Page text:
Speaking from Brussels where the final outcome on CAP Reform should be agreed with the European Parliament today (Wed), IFA President John Bryan said despite the progress made as a result of determined opposition from countries such as Ireland, tens of thousands of family farms will lose under this flawed Reform and some farmers will be challenged to retain their production and viability as a consequence.
He said, “50,000 of our most productive farmers will lose between 15% and 35% of their overall payment by 2019, which will have a serious impact on farm incomes”.
Mr Bryan said a full analysis of the implications and options available under the agreement will have to be carried out before final implementation. IFA will be holding an extended Executive Council Meeting early next week to start this process, and the Association will be consulting widely with members.
In relation to monies available for redistribution, the IFA President said that objective criteria must be used to ensure active farmers with low payments are prioritised.
John Bryan said, “Since the CAP Reform Commission proposals first emerged, significant progress has been made to minimise the damage to Irish agriculture. Minister Coveney and his officials have worked hard to secure the compromises necessary to deliver a deal in what has been a complex, difficult and damaging CAP Reform”.
John Bryan said the Minister and the Government must now commit to 50/50 co-financing of Pillar 2 so that a comprehensive package of rural development measures is put in place for vulnerable sectors and regions, and to encourage investment in agriculture.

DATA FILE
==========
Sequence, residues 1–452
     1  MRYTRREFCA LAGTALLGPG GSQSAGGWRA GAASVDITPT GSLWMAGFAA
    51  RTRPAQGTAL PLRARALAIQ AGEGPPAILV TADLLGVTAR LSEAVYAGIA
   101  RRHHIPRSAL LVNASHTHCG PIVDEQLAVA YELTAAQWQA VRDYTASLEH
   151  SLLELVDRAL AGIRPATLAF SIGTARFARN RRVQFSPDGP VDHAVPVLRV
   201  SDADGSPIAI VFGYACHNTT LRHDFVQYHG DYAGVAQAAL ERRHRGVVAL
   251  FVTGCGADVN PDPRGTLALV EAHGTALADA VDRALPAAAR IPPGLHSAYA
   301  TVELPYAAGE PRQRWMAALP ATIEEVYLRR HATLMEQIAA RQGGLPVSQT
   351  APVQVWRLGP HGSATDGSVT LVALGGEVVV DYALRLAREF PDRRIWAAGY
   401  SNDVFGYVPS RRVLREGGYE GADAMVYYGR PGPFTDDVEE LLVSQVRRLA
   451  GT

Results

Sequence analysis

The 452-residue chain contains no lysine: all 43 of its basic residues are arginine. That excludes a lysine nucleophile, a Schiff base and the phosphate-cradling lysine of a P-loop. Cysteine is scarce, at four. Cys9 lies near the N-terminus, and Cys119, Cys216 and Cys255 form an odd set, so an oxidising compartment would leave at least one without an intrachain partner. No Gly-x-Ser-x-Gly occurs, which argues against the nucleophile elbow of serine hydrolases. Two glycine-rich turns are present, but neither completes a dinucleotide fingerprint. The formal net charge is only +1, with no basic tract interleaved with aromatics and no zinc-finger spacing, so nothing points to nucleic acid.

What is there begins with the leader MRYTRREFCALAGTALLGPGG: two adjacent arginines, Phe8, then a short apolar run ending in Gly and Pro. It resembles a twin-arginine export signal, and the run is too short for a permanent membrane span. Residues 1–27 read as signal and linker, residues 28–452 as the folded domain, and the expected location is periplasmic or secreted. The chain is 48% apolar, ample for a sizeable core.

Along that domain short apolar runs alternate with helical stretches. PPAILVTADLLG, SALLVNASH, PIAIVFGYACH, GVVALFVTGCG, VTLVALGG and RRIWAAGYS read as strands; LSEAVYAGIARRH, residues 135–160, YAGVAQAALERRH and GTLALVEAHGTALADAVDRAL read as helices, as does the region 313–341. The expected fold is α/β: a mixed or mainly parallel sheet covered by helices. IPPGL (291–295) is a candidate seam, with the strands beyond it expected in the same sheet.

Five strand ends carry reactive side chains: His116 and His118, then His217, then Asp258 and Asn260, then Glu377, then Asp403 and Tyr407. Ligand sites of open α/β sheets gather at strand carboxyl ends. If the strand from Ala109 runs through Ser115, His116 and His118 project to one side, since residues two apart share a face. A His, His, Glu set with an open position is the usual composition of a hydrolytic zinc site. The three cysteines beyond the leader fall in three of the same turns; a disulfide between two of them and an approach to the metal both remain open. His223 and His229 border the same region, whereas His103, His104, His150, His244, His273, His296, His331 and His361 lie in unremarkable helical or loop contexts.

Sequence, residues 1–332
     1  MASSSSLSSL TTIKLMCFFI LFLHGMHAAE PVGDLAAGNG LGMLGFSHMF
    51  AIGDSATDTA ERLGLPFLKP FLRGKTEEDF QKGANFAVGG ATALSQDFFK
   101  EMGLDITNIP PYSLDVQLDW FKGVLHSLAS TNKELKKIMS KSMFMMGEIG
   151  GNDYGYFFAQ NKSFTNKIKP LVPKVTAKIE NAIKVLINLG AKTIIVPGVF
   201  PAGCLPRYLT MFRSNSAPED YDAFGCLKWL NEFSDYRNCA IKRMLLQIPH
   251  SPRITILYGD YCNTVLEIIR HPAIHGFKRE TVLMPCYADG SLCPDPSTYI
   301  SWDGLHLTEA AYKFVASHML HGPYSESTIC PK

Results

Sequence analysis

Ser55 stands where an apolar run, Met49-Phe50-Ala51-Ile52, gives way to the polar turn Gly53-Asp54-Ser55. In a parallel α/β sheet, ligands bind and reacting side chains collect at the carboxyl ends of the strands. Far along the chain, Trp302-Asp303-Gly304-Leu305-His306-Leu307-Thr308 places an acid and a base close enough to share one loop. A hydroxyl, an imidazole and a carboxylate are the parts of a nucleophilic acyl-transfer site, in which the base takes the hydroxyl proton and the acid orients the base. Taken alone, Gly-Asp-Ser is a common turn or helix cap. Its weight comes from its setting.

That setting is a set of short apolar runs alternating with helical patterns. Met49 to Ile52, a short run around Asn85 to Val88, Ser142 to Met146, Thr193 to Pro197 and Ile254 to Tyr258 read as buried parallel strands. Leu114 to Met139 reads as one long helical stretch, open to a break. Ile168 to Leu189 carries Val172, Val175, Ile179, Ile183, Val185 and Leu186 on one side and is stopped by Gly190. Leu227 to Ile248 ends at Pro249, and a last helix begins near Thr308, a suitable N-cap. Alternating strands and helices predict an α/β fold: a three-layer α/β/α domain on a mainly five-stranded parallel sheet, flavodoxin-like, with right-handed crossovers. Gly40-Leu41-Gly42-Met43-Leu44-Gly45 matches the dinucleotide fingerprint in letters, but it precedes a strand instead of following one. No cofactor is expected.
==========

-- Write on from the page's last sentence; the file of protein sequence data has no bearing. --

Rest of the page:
The IFA President described the changes to the greening proposals as practical and necessary and said the retention of variable greening was positive. “A lot of work will now be required to ensure the smooth implementation of these measures and IFA would be insisting that no extra bureaucracy or administrative burdens are imposed on farmers”.
“Market supports have a strong part to play in mitigating dairy price volatility, and they must not be eroded. Also, production management ideas promoted by the European Parliament, which suggest that production increases may be penalised post quotas, must be fully opposed by Minister Coveney.”
John Bryan said the compromises and flexibilities in the final deal proves clearly that the Ciolos CAP reforms were seriously flawed from the start. “These reforms have sent the CAP in the wrong direction. Farmers right around Europe will have to start a campaign now to re-focus the CAP towards supporting sustainable food production in the mid-term review”.